apostil

or a·pos·tille

[uh-pos-til]

Origin of apostil

1520–30; < Middle French apostille, noun derivative of apostiller to add marginal notes, derivative, with a- a-5, of Medieval Latin postilla marginal note, perhaps from the phrase post illa (verba) after these (words), with illa construed as the Latin diminutive suffix
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Examples from the Web for apostille

Historical Examples of apostille


British Dictionary definitions for apostille

apostil

noun
  1. a marginal note

Word Origin for apostil

C16: from French apostille, from Old French apostiller to make marginal notes, from Medieval Latin postilla, probably from Latin post illa (verba) after those (words)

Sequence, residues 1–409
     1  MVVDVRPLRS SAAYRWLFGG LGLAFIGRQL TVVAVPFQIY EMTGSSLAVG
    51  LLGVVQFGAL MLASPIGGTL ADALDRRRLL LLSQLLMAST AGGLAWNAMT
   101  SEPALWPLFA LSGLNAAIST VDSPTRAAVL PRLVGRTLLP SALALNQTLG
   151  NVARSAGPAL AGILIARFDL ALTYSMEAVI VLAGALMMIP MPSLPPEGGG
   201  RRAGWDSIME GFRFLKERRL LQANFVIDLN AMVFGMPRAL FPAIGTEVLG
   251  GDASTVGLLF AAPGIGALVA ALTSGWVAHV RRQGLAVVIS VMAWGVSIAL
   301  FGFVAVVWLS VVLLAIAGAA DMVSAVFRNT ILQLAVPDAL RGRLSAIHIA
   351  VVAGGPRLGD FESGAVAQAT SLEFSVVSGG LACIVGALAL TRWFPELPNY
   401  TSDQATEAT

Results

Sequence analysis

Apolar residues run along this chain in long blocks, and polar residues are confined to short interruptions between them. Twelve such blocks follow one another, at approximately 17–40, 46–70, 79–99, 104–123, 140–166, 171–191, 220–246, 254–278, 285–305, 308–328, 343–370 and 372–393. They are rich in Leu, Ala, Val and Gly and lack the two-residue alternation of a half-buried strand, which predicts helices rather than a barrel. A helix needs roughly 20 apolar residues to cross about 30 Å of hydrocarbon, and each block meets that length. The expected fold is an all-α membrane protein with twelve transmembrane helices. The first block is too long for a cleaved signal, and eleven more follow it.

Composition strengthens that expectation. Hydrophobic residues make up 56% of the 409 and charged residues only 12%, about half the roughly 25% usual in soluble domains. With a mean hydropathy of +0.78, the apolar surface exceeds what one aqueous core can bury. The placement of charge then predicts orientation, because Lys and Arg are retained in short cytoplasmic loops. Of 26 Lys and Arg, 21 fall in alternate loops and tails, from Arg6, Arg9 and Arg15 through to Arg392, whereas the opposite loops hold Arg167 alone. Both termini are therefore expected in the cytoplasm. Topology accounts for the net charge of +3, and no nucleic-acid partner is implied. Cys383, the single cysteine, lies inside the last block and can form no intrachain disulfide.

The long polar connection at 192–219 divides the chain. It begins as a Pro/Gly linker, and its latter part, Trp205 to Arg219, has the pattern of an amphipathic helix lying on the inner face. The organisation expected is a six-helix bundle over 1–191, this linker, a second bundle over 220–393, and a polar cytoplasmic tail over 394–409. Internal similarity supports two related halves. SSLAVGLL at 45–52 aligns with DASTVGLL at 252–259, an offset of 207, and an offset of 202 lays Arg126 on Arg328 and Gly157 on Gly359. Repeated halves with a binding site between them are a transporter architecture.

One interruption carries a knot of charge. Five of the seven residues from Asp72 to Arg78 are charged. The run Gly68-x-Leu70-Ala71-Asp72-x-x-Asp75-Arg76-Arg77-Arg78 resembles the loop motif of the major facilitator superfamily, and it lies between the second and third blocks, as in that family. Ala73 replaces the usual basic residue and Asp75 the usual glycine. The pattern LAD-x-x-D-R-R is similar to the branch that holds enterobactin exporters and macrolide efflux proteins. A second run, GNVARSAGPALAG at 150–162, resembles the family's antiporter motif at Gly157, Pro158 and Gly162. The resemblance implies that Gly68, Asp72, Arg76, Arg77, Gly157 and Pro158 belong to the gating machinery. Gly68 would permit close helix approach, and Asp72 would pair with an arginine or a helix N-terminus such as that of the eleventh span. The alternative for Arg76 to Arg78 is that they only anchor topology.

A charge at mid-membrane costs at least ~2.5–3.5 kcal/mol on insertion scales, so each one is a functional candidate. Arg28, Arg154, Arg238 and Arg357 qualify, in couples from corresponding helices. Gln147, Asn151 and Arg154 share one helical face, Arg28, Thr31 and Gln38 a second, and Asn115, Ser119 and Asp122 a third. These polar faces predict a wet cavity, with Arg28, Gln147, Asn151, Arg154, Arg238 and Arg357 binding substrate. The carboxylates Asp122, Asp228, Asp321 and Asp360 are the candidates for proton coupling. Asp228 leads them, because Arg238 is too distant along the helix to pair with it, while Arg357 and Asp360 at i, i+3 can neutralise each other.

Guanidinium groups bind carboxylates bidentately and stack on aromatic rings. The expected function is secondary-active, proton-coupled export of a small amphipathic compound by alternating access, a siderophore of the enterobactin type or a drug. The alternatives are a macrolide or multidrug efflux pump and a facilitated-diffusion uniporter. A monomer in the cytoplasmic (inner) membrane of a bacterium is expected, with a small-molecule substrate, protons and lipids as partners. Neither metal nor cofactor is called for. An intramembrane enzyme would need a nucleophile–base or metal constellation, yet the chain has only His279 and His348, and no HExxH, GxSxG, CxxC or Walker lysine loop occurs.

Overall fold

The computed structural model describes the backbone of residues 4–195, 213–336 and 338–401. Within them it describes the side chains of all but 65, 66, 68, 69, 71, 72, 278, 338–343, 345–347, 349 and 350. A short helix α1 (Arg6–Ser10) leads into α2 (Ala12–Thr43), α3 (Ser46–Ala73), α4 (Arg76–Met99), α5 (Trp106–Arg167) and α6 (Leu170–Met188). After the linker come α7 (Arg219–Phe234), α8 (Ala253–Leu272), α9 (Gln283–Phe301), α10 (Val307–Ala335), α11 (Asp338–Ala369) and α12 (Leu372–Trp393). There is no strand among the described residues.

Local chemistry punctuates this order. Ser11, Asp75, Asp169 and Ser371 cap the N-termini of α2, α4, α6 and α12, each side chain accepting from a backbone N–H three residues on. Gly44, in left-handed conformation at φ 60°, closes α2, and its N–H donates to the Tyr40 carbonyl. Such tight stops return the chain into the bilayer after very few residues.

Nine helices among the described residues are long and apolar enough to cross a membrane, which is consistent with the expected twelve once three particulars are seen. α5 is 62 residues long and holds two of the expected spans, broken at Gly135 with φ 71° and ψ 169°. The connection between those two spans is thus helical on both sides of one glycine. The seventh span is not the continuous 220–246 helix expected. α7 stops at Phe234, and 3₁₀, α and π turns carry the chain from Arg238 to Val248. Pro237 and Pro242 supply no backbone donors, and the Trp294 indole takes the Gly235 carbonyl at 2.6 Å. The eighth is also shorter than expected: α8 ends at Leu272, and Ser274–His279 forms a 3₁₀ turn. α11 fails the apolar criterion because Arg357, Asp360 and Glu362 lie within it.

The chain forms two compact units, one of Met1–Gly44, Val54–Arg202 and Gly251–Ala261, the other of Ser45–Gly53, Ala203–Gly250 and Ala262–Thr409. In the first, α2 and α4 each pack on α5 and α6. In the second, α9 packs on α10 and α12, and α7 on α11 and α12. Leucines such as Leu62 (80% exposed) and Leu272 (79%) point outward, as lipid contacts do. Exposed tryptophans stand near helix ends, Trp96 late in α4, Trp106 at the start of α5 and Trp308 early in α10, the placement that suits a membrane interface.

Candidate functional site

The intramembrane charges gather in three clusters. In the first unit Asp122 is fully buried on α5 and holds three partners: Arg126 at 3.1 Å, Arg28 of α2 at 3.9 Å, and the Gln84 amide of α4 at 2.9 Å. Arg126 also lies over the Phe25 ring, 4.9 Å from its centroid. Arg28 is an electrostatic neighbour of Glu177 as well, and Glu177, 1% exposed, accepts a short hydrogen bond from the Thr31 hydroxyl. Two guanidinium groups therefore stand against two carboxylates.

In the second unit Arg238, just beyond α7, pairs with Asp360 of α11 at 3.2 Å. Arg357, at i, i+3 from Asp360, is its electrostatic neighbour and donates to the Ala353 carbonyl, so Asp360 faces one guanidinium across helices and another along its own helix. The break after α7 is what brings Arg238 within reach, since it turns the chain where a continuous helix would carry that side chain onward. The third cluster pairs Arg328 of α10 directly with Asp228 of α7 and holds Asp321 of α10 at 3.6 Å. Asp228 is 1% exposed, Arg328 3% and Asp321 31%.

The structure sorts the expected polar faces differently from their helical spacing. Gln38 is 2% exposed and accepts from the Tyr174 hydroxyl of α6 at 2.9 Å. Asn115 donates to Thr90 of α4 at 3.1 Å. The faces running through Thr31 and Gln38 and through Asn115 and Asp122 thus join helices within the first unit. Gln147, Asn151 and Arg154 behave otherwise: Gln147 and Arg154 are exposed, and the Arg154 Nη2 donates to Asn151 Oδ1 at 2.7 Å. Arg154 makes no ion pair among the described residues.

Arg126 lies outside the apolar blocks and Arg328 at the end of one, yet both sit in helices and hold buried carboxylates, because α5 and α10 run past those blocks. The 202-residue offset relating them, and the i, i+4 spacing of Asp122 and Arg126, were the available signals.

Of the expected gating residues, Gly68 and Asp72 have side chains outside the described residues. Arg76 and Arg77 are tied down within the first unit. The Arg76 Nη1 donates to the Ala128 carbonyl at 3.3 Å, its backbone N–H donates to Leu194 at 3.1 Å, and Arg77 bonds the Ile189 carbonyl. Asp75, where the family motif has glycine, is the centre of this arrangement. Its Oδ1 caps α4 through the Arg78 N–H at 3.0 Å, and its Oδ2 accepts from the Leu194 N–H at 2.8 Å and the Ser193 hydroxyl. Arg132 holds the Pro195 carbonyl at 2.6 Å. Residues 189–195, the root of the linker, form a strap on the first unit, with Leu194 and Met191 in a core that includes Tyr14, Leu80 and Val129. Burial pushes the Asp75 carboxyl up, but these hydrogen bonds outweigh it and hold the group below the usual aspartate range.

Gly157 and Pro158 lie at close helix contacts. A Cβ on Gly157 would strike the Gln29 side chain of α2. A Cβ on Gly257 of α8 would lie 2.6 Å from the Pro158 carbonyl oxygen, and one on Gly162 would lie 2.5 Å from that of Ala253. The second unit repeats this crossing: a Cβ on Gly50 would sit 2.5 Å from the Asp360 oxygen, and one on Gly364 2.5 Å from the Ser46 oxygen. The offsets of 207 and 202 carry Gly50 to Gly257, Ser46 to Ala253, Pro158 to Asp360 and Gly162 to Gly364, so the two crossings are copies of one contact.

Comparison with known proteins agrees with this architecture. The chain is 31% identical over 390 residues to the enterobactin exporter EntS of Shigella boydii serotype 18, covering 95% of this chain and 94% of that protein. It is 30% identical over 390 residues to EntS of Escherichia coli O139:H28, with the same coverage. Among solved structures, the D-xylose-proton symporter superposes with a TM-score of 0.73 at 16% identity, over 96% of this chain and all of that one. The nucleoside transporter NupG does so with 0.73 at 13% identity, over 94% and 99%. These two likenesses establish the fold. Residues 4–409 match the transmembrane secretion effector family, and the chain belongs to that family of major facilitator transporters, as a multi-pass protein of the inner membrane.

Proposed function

Collins English Dictionary - Complete & Unabridged 2012 Digital Edition © William Collins Sons & Co. Ltd. 1979, 1986 © HarperCollins Publishers 1998, 2000, 2003, 2005, 2006, 2007, 2009, 2012

Word Origin and History for apostille
n.

"note, especially on text of the Bible," also apostil, 1520s, from French apostille (15c.), probably from Medieval Latin postilla, which probably represents Latin post illa, literally "after those."

Online Etymology Dictionary, © 2010 Douglas Harper